Focal Segmental Glomerulosclerosis in Côte d’Ivoire: Epidemiological, Clinical and Pathological Aspects
N’Dah Kouame Justin1, Tia Weu Melanie2, Akpro Sedy Louess De Randorphe1, Lagou Delphine Amélie3, Toure Ibrahiman1, Kobenan Atta Anne Rebecca1, Abouna Alain Didier4, Guei Monley Cyr3, Tuo Wonko-Tian Alice1, Oka Kouamé Hubert1, Diopo Sery Patrick Olivier5, Delma Samuel6, Cherif Ibrahima7, Traore Moussa7, Amekoudi Eyram8, Ouattara Belarsi Safiatou4, Yao Kouame Hubert5, Ackoundou Nguessan Clément3, Adonis Koffi Laurence9*, Yao Gnangoran Victor1, Gnionsahie Dazé Apolinaire3, Mohenou Isidore Jean-Marie Diomandé4
1Department of Anatomic Pathology, University Teaching Hospital of Bouake, Bouake, Ivory Coast.
2Department of Nephrology, University Teaching Hospital of Bouake, Bouake, Ivory Coast.
3Department of Nephrology, University Teaching Hospital of Yopougon, Abidjan, Ivory Coast.
4Department of Anatomic Pathology, University Teaching Hospital of Cocody, Abidjan, Ivory Coast.
5Department of Nephrology, University Teaching Hospital of Treichville, Abidjan, Ivory Coast.
6Department of Nephrology, University Teaching Hospital of Blaise Compaore, Ouagadougou, Burkina Faso.
7Department of Anatomic Pathology, University Teaching Hospital of Donka, Conakry, Guinea.
8Department of Nephrology, University Teaching Hospital of Sylvanus Olympio, Lome, Togo.
9Department of Nephrology, University Teaching Hospital of Treichville, Abidjan, Ivory Coast.
DOI: 10.4236/ojpathology.2022.124017   PDF    HTML   XML   63 Downloads   436 Views  

Abstract

Focal segmental glomerulosclerosis (FSGS) is characterized histologically by hyalinosis and sclerosis of glomeruli associated or not with podocyte involvement. The objective of our work was to clarify the epidemiological aspects and histological variants of FSGS in Côte d’Ivoire. Materials and Methods: This was a descriptive retrospective study, conducted from January 2015 to December 2019 using the renal biopsy registers (RB) of the Pathological Anatomy and Cytology departments of the Teaching Hospital of Cocody and Bouake in collaboration with the Nephrology Services of Côte d'Ivoire and the sub-region. The biopsies underwent conventional histopathology and/or immunofluorescence techniques. The parameters analyzed were: frequency, age, gender, proteinuria, biopsy indications and histological aspects and the different correlations between histological aspects and socio-demographic characteristics. Results: FSGS represented 58.1% (n = 104) of glomerular nephropathies. The average age of patients was 32.1 ± 13.3 years, with extremes of 13 and 70 years. The sex ratio was equal to 1. Nephrotic syndrome (68.9%), chronic renal failure (14.3%) and acute renal failure (10.1%) were the main indications for renal biopsy (RB). The mean proteinuria at the time of diagnosis was 4 ± 3.7 g/24 h. It was massive (3.5 g/24 h) in 42.3% of patients. FSGS was primary in 29.8% (n = 31) and secondary in 70.2% (n = 73) of patients, of which 27.9% (n = 35) was due to HIV. According to the Columbia classification, 62.5% NOS type was found; 23.1% collapsing type; 7.7% tip lesion type; 4.8% cell type and 1.9% perihilary type. Conclusion: FSGS is a complex heterogeneous entity. It affects young people in our context with a homogeneous gender distribution. Understanding its histogenesis is essential for optimal patient management.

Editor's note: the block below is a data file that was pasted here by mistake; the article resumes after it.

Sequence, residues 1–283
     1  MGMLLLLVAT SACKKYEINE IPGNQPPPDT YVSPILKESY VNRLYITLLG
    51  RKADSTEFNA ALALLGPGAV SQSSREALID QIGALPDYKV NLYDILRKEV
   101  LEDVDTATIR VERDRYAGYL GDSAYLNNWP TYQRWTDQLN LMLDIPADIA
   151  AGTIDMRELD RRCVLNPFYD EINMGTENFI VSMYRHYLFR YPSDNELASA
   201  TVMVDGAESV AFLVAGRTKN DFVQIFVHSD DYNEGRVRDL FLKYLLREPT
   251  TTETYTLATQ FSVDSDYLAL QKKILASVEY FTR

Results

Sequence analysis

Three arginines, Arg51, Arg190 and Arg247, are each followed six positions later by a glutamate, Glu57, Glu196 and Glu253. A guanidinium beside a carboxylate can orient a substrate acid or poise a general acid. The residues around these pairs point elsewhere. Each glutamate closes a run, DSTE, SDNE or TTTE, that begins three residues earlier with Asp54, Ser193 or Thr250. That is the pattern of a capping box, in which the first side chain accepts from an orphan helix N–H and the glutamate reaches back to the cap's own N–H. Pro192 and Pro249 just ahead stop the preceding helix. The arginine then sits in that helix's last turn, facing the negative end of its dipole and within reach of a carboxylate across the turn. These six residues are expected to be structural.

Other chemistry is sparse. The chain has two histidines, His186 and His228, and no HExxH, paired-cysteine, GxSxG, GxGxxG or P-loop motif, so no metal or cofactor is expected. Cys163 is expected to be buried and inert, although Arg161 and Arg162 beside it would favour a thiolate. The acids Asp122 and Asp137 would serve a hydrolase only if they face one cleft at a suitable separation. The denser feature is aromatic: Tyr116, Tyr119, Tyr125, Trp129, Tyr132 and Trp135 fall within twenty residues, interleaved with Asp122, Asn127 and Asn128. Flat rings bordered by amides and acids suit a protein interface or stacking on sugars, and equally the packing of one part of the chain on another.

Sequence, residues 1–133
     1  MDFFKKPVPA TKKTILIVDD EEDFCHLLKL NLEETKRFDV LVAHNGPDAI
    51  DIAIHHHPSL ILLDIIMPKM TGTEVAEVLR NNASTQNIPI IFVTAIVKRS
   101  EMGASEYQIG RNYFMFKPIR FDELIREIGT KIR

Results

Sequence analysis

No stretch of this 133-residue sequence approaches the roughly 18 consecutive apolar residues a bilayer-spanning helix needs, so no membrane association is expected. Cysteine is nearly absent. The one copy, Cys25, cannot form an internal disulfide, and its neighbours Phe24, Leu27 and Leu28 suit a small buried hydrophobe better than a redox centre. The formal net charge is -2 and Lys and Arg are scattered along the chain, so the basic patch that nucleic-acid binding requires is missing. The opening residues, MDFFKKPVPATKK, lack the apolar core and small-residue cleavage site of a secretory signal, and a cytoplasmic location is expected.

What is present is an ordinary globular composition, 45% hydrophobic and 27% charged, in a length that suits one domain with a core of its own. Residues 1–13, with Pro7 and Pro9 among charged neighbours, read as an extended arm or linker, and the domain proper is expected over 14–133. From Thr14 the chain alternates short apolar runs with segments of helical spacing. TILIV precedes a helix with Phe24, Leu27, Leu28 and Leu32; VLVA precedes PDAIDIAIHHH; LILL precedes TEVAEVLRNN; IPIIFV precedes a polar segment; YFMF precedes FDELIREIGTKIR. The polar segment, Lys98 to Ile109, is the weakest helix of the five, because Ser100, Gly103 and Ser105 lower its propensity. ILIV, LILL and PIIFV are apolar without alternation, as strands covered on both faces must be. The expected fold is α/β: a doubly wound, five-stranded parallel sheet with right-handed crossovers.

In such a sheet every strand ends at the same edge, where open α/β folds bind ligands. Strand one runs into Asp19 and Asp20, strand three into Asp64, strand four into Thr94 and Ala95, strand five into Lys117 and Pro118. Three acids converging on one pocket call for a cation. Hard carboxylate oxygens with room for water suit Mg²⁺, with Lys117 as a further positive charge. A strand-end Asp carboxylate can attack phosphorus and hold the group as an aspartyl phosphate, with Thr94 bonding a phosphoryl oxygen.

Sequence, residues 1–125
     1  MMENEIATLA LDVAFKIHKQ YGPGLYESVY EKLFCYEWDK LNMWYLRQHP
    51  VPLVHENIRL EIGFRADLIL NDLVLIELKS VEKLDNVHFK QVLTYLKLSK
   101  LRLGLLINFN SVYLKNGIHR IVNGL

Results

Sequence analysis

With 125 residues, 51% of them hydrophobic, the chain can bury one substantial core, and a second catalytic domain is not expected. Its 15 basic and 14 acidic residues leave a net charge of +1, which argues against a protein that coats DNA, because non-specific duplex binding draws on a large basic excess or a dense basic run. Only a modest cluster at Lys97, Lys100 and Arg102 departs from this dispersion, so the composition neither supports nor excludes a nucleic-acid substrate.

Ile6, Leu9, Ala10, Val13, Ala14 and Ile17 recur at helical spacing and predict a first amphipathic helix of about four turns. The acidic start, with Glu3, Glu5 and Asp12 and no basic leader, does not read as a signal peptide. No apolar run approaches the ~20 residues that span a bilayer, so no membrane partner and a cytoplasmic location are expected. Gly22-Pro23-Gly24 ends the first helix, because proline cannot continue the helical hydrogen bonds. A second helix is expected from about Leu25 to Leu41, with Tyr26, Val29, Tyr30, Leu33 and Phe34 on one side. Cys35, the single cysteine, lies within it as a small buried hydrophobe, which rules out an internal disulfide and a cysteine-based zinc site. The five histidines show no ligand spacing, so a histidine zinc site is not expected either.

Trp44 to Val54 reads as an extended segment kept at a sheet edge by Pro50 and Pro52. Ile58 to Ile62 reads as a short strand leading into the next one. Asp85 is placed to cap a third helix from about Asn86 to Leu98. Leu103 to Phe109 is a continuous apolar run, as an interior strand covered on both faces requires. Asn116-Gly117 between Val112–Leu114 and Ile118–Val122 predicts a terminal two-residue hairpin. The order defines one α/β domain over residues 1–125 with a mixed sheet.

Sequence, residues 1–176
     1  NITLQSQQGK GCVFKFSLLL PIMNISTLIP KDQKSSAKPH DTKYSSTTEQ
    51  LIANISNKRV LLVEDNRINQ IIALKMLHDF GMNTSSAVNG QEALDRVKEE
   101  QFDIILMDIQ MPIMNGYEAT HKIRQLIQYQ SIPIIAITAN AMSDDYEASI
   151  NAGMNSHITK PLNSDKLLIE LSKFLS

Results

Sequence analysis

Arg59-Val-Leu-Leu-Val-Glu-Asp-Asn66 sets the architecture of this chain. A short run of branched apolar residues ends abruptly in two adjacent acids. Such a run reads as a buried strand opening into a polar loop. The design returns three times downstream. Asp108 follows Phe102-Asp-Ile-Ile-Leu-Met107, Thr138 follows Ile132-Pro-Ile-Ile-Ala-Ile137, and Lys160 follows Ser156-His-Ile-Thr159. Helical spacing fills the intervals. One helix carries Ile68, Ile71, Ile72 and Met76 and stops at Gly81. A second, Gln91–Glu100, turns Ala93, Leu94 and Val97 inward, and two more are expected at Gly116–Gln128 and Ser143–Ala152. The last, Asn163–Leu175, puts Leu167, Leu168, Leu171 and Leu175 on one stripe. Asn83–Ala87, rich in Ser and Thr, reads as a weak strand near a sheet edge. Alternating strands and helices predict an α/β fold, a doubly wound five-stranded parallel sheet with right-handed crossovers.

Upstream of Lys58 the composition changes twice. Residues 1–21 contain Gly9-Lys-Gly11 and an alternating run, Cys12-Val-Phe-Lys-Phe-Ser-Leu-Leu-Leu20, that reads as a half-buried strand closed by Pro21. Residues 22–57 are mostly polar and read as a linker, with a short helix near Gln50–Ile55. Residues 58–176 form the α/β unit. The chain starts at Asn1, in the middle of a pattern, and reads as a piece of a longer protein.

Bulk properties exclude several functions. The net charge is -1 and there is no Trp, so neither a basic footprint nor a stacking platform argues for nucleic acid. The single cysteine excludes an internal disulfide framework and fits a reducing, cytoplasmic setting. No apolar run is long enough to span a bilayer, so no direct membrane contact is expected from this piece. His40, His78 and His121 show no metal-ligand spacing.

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Justin, N. , Melanie, T. , De Randorphe, A. , Amélie, L. , Ibrahiman, T. , Rebecca, K. , Didier, A. , Cyr, G. , Alice, T. , Hubert, O. , Olivier, D. , Samuel, D. , Ibrahima, C. , Moussa, T. , Eyram, A. , Safiatou, O. , Hubert, Y. , Clément, A. , Laurence, A. , Victor, Y. , Apolinaire, G. and Jean-Marie Diomandé, M. (2022) Focal Segmental Glomerulosclerosis in Côte d’Ivoire: Epidemiological, Clinical and Pathological Aspects. Open Journal of Pathology, 12, 146-155. doi: 10.4236/ojpathology.2022.124017.

1. Introduction

Focal segmental glomerulosclerosis (FSGS) is one of the leading causes of kidney failure worldwide. It is histologically characterized by hyalinosis and sclerosis of the glomeruli reaching only one sector of the glomerulus (segmental involvement) and/or only a certain percentage of the glomeruli (focal involvement); associated or not with podocyte involvement [1] [2]. The segmental lesion results in collapse of the glomerular basal membrane with a characteristic synechia between the parietal epithelium and the Bowman capsule [1]. Podocyte involvement is characterized by hypertrophy with erasure of the pedicels and sometimes severe involvement with ultrastructural abnormalities [3]. It is manifested by a very often severe nephrotic syndrome, greater resistance to treatment with corticosteroids and faster progression to end-stage renal failure [1]. FSGS is one of the main causes of nephrotic syndrome, accounting for 40% of cases in adults and 20% in children [4]. Initially, FSGS was classified as primitive (idiopathic) or secondary, and this distinction had therapeutic and prognostic implications [3]. Since 2004, the Columbia classification describes five histological variants: perihilar, vascular pole (tip lesion), cellular, collapsing and NOS (non-specific) [3] [5]. Accurate data on the incidence and prevalence of FSGS are difficult to obtain due to significant racial and geographic differences [4]. The increased incidence of FSGS was objectified in studies in North America and Europe. In Africa, the overall prevalence of FSGS is highly variable with no significant difference [6]. In Côte d’Ivoire, renal biopsy is practically at a beginning stage, the pathological aspects of this pathological entity are unknown. To better understand the prevalence and histopathological characteristics of hyalinosis.